Washington Legislature passes Attorney General’s open government training bill

Attorney General Bob Ferguson’s bill to strengthen Washington state’s open government laws by requiring training for most public officials has passed the Legislature and is on its way to the Governor’s desk.

Ferguson worked with Sen. Joe Fain, R-Auburn, and Rep. Gerry Pollet, D-Seattle, to secure approval of the “Open Government Trainings Act,” Engrossed Senate Bill 5964.

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Bill moves to study FOIA exemptions

Want to know what your government is really up to?

The Virginia Freedom of Information Act allows citizens of the commonwealth (and representatives of the media) to gain access to numerous records held by state and local agencies, government officials and other public authorities, along with providing the right to attend public meetings.

The presumption of the FOIA is that all records and all meetings are to be open to the public — unless there is a special exemption specifying secrecy.

Sounds good, right?

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Editorial: Washington State House of Reps take strong action for open access

The state House of Representatives took strong, progressive action last week on two bills that improve citizen access to public information. Now they’re on to the Senate, where they deserve passage and enactment.

House Bill 2015 would require that meeting agendas be posted online by public agencies at least 24 hours before a meeting. It passed the House by a vote of 85-13. Rep. Brad Hawkins (R-Wenatchee) voted in favor of the bill; Rep. Cary Condotta (R-East Wenatchee) voted no. Both represent the 12th District, including the Methow Valley.

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Time for Legislature to live by open government rules

With policy cutoff behind us, the list of living and walking dead bills (nothing is really dead till sine die) is being compiled. Among the proposals that didn’t even receive a hearing, however, is a bill based on WPC’s recommendation for the Legislature to truly provide Washingtonians the opportunity to participate in the legislative debate while also ensuring lawmakers live by the same open government rules the rest of the state’s public officials operate under.

As noted by Peter Callaghan of The Tacoma News Tribune:

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Hawaii launches “WHO’S YOUR LEGISLATOR?” apps

The State of Hawaii has launched two applications, “Your 2014 Hawaii State Senate” and “Your 2014 Hawaii State House”, as a response to requests from the members of the public during an Open Government workshop at the Hawaii Digital Government Summit last year.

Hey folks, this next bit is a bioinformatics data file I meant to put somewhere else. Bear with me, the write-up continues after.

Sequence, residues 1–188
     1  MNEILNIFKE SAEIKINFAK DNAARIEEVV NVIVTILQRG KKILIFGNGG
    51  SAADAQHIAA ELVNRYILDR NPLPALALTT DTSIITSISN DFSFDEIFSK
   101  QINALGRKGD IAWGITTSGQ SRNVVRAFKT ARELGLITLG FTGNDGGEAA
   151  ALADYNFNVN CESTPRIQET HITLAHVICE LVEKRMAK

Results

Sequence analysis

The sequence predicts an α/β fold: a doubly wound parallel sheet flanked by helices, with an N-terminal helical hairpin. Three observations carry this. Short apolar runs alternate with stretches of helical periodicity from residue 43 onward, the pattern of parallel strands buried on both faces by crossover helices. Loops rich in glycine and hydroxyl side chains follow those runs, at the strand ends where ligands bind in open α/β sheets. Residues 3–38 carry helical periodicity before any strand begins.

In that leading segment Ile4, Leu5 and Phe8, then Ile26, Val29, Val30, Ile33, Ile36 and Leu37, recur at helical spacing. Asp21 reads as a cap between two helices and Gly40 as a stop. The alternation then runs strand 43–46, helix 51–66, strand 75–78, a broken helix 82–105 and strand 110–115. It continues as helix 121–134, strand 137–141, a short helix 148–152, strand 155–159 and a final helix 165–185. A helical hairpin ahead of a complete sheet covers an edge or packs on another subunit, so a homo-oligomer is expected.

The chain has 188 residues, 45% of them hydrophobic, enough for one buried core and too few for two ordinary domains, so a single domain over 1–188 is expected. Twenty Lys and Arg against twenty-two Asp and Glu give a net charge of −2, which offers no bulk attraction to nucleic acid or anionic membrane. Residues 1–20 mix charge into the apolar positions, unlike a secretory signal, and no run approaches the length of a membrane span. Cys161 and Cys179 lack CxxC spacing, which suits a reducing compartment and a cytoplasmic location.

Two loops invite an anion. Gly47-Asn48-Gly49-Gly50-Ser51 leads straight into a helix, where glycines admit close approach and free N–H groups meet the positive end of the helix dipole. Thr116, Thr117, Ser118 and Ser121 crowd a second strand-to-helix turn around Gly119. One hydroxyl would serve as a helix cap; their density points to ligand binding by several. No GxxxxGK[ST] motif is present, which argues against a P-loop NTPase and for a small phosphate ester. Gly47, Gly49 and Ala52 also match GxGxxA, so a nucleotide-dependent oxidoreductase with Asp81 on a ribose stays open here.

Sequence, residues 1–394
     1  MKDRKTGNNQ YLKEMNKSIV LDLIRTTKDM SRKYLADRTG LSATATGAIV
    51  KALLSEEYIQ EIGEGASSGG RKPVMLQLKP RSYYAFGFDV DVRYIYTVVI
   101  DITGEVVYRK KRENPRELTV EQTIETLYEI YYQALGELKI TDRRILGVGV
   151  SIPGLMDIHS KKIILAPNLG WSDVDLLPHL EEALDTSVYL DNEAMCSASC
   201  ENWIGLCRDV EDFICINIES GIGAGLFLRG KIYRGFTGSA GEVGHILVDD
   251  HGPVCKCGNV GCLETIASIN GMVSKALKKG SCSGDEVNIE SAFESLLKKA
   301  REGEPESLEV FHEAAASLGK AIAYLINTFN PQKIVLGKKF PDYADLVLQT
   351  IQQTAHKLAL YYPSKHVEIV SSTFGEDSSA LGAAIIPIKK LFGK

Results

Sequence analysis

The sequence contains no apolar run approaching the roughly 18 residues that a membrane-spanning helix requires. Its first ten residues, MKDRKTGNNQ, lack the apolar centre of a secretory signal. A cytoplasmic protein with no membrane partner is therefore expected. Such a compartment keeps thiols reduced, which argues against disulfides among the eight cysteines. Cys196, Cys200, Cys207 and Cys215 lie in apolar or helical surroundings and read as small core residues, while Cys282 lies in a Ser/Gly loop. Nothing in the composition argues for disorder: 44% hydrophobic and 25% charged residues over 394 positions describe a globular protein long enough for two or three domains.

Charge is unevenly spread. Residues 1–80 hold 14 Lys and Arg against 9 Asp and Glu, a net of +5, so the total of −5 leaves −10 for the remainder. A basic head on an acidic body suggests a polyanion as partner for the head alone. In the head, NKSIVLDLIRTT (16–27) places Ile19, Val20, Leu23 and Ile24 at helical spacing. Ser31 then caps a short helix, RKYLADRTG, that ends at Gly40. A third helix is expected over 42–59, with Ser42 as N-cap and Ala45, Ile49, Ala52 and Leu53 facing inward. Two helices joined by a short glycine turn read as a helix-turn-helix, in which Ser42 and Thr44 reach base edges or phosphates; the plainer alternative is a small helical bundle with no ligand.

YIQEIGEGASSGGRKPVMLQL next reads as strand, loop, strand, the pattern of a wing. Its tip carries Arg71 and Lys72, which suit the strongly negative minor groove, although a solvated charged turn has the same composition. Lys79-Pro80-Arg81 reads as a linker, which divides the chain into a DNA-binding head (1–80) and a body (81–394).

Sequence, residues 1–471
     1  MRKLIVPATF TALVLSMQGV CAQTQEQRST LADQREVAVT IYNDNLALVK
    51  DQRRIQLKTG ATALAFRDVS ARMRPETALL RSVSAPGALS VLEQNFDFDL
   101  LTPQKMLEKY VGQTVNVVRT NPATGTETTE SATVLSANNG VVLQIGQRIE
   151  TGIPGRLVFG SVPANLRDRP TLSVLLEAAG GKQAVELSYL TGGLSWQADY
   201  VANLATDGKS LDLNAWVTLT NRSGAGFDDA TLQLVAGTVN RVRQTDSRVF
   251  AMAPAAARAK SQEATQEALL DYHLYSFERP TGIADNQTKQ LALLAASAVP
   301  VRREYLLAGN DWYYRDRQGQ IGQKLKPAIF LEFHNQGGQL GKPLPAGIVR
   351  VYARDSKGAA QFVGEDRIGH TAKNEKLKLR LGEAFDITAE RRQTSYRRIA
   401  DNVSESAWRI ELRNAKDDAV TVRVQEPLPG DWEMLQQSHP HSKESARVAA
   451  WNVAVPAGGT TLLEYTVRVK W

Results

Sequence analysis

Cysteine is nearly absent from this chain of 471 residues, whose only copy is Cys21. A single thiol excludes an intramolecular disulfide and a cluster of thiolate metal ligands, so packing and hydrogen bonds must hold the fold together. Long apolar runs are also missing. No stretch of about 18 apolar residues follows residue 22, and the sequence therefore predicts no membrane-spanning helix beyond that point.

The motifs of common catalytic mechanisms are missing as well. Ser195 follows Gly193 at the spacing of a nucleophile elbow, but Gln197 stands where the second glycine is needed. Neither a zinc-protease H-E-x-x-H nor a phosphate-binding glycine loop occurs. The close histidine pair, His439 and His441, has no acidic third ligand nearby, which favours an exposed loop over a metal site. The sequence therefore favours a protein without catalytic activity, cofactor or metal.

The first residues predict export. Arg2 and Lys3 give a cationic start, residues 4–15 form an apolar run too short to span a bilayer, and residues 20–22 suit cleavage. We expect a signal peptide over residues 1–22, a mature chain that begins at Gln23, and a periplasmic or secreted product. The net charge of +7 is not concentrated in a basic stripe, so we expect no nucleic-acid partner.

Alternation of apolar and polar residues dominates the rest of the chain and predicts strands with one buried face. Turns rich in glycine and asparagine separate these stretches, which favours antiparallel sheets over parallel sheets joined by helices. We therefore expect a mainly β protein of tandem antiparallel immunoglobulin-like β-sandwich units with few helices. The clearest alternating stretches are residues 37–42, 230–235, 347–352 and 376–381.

Sen. Jill Tokuda, who led the breakout group on legislative information, said workshop participants were very interested in an app to help citizens find their legislative representatives.

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Nicholas Co. (W VA) Commission gets lesson in ethics & open meetings law

Public business must be carried out in the open. That’s self-evident, but it still does not always happen.

The latest example of the failure of a local government in West Virginia to be open about the public’s business comes from the Nicholas County Commission.

Last August, the Commission hired Roger Beverage as the county administrator at a salary of $60,000 a year. A local citizen, Tim Clifford, challenged the hiring, claiming the Commission acted illegally.

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ED: Lining Up To Keep More Things Secret From The Public

Well, no surprise here. Now that the General Assembly has needlessly weakened the state's Freedom of Information Act, a variety of interest groups want to carve out exemptions to the law for themselves.

In a word, no. Bad idea. The public ought to be able to copy public records and attend public meetings and know what public officials are doing. Residents of Connecticut have given lawmakers no reason to weaken the FOI. The solons shouldn't have done it last year, and they shouldn't do it again.

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